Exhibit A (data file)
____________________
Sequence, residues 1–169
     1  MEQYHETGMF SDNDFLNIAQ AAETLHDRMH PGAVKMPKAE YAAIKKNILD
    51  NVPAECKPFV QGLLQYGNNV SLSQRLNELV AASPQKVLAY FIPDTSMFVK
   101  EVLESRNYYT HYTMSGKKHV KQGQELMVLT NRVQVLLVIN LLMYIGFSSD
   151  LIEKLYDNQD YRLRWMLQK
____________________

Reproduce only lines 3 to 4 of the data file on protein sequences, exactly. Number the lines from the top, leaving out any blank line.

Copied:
    51  NVPAECKPFV QGLLQYGNNV SLSQRLNELV AASPQKVLAY FIPDTSMFVK
   101  EVLESRNYYT HYTMSGKKHV KQGQELMVLT NRVQVLLVIN LLMYIGFSSD